View of planet Earth

The Future is Now.

Outer space, oceans, our atmosphere, even our own molecules are in peril. But innovators, creators and engineers who dare to build castles in the air are pursuing solutions to save us all. Journey through discussions with alumni working on the cusp of tomorrow. 

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Jim Shaughnessy

Feature Story: Technology and its Impact on Society

The dynamic duo of AI and ML has the potential to revolutionize much more than business practices. It is present already in many aspects of daily life, such as mapping apps, movie recommendations, facial recognition and car collision warning systems—just to name a few. 

“Some believe AI will be as ubiquitous, and world-changing, as the internet,” Jim Shaughnessy said. “I think that they’re right.”

Fully Charged

“Tesla’s mission is plastered all over the place: ‘Accelerate the world’s transition to sustainable energy,’” said Tyler Aymond ‘10 BFA, a senior manufacturing engineer with the revolutionary electric vehicle, energy storage, and solar company. “Almost everyone who works at Tesla is here for the mission. People are impassioned to fully contribute not because they want to get a promotion, but because they want to change the world in some small way.”

Space Rangers

Even though a piece of space junk falls to Earth each day, Austin Morris ’18 BS shares, “The threat isn’t it hitting us, but hitting the satellites we depend on in our everyday lives—for financial transactions, emergency weather alerts, navigation GPS, cell phone calls, online purchases, controlling autonomous vehicles.” And things like monitoring nuclear weapons.

The Wildcat and the Sea

Abandoned or discarded fishing nets, lines and ropes, commonly known as ghost gear, represent the bulk of large plastic pollution in the oceans and pose the greatest threat to marine life, according to the World Wildlife Fund. In addition, a National Geographic story last year stated the amount of plastic trash that flows annually from rivers into the oceans is expected to nearly triple by 2040 to 29 million metric tons. 

NMU alumnus Dr. Ray Timm '92 BS is charting a course for cleaning up the largest plastic accumulation in the Pacific.

Summer Presque Isle

To our many alumni nurses, physicians, clinicians, teachers, police officers, truck drivers, hospitality specialists and other essential workers, we admire, respect and appreciate you and your selfless commitment to helping others during the COVID-19 pandemic.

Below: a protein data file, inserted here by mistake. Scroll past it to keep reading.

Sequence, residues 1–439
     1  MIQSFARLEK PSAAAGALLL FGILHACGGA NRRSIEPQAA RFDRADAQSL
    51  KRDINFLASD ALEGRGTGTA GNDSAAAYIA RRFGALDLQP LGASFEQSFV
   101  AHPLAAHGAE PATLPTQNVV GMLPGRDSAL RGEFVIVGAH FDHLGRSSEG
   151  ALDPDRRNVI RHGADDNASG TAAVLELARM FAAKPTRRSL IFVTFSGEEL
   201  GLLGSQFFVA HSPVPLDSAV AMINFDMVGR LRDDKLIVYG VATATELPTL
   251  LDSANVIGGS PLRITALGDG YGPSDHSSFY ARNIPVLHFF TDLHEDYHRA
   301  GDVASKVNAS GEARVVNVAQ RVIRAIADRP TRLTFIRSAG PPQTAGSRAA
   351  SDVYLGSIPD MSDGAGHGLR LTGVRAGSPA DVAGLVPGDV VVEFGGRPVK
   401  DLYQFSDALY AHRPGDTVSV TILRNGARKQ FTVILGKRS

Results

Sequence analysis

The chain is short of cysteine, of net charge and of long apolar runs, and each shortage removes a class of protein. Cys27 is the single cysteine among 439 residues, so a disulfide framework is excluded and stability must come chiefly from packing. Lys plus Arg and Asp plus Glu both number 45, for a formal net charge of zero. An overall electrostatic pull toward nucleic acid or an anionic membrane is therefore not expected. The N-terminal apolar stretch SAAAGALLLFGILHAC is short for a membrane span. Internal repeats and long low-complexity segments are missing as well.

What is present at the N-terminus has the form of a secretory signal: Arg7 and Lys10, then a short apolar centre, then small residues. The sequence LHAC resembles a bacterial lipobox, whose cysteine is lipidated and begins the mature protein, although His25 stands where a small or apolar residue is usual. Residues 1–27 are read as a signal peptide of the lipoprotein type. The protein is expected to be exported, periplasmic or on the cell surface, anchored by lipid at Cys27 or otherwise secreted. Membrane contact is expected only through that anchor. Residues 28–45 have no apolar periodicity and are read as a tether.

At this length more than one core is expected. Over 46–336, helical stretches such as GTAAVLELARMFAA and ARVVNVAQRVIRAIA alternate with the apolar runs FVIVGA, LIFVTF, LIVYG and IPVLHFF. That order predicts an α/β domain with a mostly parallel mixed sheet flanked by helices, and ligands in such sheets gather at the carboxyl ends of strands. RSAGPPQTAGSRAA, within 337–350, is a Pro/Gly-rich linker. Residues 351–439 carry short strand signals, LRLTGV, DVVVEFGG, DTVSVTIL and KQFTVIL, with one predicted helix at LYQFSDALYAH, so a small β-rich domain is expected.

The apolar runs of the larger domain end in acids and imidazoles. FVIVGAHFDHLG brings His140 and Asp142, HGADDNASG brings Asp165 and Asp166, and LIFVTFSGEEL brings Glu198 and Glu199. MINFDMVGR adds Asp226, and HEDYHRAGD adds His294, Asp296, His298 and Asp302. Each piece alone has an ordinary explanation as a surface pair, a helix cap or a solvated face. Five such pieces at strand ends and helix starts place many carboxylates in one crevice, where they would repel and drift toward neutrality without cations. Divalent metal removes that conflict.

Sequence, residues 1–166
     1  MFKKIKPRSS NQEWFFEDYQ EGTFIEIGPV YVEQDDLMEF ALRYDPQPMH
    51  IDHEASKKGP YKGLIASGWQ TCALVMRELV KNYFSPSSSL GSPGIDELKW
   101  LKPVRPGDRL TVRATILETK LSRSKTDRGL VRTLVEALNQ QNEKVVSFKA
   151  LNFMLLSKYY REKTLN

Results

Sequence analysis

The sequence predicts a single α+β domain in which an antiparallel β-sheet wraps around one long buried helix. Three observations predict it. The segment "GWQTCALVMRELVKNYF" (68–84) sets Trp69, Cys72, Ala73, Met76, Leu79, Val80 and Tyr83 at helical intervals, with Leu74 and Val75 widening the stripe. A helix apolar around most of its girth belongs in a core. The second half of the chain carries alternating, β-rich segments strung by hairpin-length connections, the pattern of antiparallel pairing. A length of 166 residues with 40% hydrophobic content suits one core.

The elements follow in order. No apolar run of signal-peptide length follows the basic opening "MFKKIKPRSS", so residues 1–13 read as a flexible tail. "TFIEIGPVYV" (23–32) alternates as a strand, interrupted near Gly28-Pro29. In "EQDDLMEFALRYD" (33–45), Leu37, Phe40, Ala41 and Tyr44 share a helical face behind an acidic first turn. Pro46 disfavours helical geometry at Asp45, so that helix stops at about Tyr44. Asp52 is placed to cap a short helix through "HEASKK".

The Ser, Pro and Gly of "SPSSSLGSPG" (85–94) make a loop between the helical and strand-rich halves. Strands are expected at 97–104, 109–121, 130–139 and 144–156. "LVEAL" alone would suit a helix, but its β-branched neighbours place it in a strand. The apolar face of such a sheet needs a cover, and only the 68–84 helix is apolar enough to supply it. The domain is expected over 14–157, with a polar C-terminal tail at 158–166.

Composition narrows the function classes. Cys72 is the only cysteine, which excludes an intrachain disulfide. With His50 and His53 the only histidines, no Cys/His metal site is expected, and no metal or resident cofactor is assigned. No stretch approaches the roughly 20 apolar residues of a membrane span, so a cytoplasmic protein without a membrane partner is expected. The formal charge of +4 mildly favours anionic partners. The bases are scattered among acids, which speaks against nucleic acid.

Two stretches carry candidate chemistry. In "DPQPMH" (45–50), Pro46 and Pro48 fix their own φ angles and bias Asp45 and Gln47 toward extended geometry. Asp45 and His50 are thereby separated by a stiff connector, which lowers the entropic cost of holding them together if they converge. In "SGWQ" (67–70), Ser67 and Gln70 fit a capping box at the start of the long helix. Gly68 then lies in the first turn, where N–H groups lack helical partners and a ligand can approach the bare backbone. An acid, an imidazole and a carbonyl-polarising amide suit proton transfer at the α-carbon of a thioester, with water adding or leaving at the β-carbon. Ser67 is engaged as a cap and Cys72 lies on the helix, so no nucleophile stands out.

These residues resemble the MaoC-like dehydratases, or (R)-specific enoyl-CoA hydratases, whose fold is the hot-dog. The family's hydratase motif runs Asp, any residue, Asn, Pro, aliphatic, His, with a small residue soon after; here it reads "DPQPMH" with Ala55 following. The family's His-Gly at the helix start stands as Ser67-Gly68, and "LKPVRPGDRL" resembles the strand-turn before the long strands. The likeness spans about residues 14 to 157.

Thank You, Wildcat Heroes.

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Masks on Campus

NMU Plans Return to Full Operation This Fall

The university is preparing to be fully operational this fall, returning to pre-pandemic levels of face-to-face instruction, services and campus activities. President Fritz Erickson said Northern’s ability to continue in-person classes and keep its residence halls open this past academic year has increased his optimism for the fall semester.

“Our goal is to be back to the way things were in 2019. We see no reason at this point in time why that shouldn’t happen, and we look forward to the vibrancy that’s normally on campus to return. We’ve learned that what students want most of all is the interactive experience of face-to-face learning. That’s what is guiding us as we prepare for the fall.” -President Fritz Erickson

Summer orientation sessions are being held virtually, but summer academic and athletic camps for youth are being held in person, as well as a “Northern Experience” for families. Most summer courses are usually offered online. The campus is again open to visitors.

For the ability to remain open this past year and keep COVID-19 case numbers relatively low, Erickson credited the faculty, staff and students’ flexibility and adaptability; mass testing of all students and employees at the start and throughout the semesters; and strong relationships with various community groups, such as the Marquette County Health Department, which provided vaccines to the community at the Northern Center and valuable guidance to NMU.

He also credited Northern’s notebook computer program and high-speed broadband provided through its Educational Access Network (EAN), which were critical to students, faculty and staff. The EAN also benefited school districts and families in rural communities across the Upper Peninsula that previously had no internet and were suddenly confronted with the demands of virtual instruction.